I have been working a lot. I am working again today....I have several half completed post in the waiting stages of completion for me to post. I will post them Tuesday and later. Monday is saved for ...you guessed it...."Monday Music" the only consistent thing about my blog...well kinda...since I have posted them on Tuesday before....Oh well. I was quickly perusing the news sites and I ran across this article. I have shamelessly clipped it from "FoxNews". I thought it was a very cool thing, I am a fan of historical stuff and this kind of thing is right up my alley. I remember reading that when the AEF landed in France in 1917, General Pershing stated..."Lafayette...We are here..".
It was a debt of honor that was recognized because of the young French nobleman that came over to help General Washington in his fighting of the British. and was instrumental along with Benjamin Franklin in securing the aid of the French...The date was significant in 1780...That was when we won the battle of Saratoga and proved to the French that we COULD win against the preeminent power of England and that supporting us wasn't a lost cause.
FOURAS, France – With champagne,
fireworks and a presidential blessing, a painstakingly built replica of
the frigate once used to bring French troops and funds to American
revolutionaries is setting sail for Boston.
Saturday night's celebratory sendoff for the $27 million Hermione
seeks to retrace the 213-foot frigate's trans-Atlantic journey in 1780,
when its namesake under Marquis de Lafayette's command helped to lay the
foundation of French-American relations.
Lafayette persuaded French King Louis XVI to provide military and
financial support to George Washington's troops. Lafayette set sail on
March 21, 1780, arrived 38 days later in Boston, and played an important
role in the revolutionaries' ultimate defeat of Britain.
French President Francois Hollande plans to take a short trip on the ship ahead of its official departure Saturday night.
The ship is the fruit of nearly two decades of brainstorming,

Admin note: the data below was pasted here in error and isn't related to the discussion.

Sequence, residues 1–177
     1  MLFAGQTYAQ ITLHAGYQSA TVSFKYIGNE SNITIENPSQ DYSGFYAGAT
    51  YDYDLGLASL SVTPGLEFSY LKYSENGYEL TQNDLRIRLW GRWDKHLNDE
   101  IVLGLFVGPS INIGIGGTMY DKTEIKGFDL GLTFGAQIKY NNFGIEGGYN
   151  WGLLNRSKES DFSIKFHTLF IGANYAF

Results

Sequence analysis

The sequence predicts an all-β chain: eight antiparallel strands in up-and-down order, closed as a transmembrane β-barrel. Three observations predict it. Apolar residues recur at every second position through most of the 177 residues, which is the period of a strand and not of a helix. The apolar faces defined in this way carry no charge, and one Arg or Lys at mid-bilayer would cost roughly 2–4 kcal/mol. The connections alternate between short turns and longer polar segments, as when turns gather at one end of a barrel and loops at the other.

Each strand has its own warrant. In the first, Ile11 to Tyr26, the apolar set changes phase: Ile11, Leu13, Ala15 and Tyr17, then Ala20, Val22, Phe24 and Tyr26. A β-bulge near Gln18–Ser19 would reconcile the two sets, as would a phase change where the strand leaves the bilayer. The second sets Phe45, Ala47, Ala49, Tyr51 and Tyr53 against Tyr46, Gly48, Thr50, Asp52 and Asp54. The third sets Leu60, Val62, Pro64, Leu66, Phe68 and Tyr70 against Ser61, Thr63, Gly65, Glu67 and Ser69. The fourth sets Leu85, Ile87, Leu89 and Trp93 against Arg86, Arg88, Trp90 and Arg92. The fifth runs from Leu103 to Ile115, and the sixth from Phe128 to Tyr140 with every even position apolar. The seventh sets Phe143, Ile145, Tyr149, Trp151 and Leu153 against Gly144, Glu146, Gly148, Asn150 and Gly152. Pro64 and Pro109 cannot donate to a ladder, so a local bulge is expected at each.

fundraising and toil. Using captains' logs and manuscripts from the era,
maritime experts and historians ensured that workers used the same
construction materials and methods as those used to build the original.
Sailmakers sewed eyelets by hand on the 2,600 square yards of linen
sails. Engineers replicated the pulley system. The vessel even was built
in the same shipyard, in Rochefort in southwest France.
"It has been a very long project," said Miles Young, president of the
Friends of Hermione-Lafayette in America. "You don't create an 18th
century warship very easily these days. ... It took enormous efforts to
find enough oak trees naturally shaped so they could create the helm."
Volunteer crew members will sail the frigate, with "Hermione" carved across its stern, across the Atlantic.
"Authority and respect for the hierarchy is what guarantees our
safety on board and ensures the boat runs smoothly," said crewman
Nicolas Masse. "Given that more than 70 percent of the ship's crew is
made up of amateurs, never questioning the line of command is something
you have to learn."
A rigger, Woody Wiest, praised the international camaraderie aboard,
and the unique experience of sailing in the 21st century on a ship made
up of natural fibers and materials.
"When you put people side by side aboard a ship, they're puking
together, they're cleaning the toilets together, they're really
bonding," he said. "It makes for a very close and open relationship
between people and it lasts forever."
The relationship born of Lafayette's journey has also been lasting.
Even in times of modern diplomatic tensions, American presidents
routinely refer to France as "our oldest ally."
"If it hadn't been for that French intervention at that time," Young
said, "the war of independence probably wouldn't have been won."
U.S. Ambassador Jane Hartley is expected to attend Saturday's events.
Firing its cannons, the ship left the La Rochelle port earlier this
week for a test run, escorted by sailboats and watched by thousands of
cheering supporters on shore, some waving American flags. It has been
performing exercises ahead of the voyage.
Among those aboard is Adam Hodges-LeClaire, a volunteer apprentice tailor dressed in period clothing.
"I wanted to push this experiment to its logical extreme, so I
prepared a full 18th century wardrobe based on after-death inventories I
found in the Paris archives and artwork from the period," he said. "So I
have a full valise of 18th century clothes and nothing else. The
experiment doesn't end until I get back to my house this fall and put on